I recently came across an article in Bloomberg online by Joel Stein titled: “Whole Foods is Getting Killed by Aldi. Is a Millennial Grocery Chain the Fix?” The article discusses how Whole Foods has created the supermarket 365 By Whole Foods Market in Silver Lake, Ca near Los Angeles. It looks like it will attempt to appeal to millennials.

Mr. Stein was curious to see how millennials shopped for food; apparently 40 percent don’t eat cereal because its messy per market researcher Mintel. Based on the article it showed that customers should not feel pressure to purchase food and groceries, just embrace the experience.

The company has bee weighted down by bad press, such as being known as the “Whole Paycheck” stigma because of their high prices and its stock price has been dragged down by poor earnings reports.

Plus throw in competition by Aldi, Trader Joes, Kroger, Publix, etc. and you can understand why they have major problems.

Is there a way to dig out of this PR hole? Maybe. I think it should start with focusing on the customer, asking them what they want and delivering it. They should also focus on developing their employees too. And since they have more fresh food than other supermarkets, cut back on orders: shelf space is not as long for a container of yogurt compared to a can of low sodium of black beans. Tossing away product hurts the bottom line and puts pressure to jack up prices and makes the customers pay more.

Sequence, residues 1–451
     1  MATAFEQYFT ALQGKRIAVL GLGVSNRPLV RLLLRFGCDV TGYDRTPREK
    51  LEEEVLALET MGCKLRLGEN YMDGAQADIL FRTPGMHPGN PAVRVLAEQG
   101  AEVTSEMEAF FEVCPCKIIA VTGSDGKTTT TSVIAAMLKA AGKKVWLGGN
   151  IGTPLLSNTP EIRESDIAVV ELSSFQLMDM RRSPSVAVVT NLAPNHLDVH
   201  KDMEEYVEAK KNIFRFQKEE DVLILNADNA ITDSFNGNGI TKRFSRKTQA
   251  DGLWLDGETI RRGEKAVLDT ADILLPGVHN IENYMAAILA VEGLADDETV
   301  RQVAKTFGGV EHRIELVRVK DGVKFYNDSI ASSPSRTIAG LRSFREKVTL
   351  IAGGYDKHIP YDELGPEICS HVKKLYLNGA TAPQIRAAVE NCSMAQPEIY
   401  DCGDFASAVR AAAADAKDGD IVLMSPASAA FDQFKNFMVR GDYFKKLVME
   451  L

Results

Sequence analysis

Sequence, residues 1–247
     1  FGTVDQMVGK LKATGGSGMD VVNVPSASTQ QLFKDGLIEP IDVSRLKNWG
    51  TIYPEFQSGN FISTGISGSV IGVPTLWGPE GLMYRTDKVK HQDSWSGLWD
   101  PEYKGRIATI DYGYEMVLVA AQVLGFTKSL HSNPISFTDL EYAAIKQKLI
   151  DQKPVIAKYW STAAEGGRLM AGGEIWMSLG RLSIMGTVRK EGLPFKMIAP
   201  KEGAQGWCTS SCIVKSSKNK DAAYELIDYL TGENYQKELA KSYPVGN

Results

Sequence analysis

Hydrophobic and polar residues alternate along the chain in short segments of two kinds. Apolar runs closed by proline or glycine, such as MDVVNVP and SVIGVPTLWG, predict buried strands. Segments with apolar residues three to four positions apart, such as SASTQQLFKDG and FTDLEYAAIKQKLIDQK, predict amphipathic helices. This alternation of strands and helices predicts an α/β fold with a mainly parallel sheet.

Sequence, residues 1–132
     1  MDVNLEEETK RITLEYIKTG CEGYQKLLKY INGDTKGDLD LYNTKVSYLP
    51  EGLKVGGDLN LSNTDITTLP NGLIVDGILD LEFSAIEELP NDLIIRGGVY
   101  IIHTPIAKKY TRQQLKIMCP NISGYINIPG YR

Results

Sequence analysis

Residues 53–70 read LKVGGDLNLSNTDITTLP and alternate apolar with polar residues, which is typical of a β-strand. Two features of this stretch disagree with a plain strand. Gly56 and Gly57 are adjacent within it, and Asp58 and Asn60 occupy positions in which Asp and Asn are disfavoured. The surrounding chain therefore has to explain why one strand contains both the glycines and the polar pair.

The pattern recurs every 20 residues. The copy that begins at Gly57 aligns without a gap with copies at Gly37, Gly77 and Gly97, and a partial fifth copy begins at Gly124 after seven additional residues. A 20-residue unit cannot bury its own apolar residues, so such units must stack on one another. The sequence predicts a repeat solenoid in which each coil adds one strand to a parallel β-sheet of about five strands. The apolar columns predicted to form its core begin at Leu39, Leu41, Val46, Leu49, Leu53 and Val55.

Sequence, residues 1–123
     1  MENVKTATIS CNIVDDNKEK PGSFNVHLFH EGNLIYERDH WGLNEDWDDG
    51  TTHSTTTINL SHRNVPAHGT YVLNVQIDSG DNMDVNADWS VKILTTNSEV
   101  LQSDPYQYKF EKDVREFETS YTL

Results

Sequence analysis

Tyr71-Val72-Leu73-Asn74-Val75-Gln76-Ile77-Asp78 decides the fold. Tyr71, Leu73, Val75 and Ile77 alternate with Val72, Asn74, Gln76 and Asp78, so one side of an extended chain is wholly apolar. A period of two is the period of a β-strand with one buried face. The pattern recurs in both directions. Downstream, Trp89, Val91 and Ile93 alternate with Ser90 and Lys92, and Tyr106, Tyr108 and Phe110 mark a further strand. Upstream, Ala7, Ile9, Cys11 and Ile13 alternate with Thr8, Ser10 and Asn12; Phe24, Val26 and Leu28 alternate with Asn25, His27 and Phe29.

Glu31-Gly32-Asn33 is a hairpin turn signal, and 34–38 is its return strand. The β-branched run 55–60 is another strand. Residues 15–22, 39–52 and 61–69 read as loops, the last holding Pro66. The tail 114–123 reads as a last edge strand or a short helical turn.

Regardless if you are a Gen-X like me or a millennial, customers want to feel like they are being treated well to their needs; not the apparent needs of the supermarket. You don’t need focus groups, or surveys. Instead, just ask the customers why they shop there. And by the way, remember their name too. Doing the simple, little things mean a lot and I like Whole Foods being in New York City when I visit. In fact I am relieved to see a supermarket in the east side midtown Manhattan to get a better deal on groceries compared to shopping at Duane Reade or CVS.

The story how Whole Foods got started in 1980 by Johan and Renee Mackey Austin is worth telling again. From almost losing their business and merchandise out of their home to what they have become today is memorable.

Customers don’t like facts; they remember stories. Customers like and need food. Make them enjoy the experience.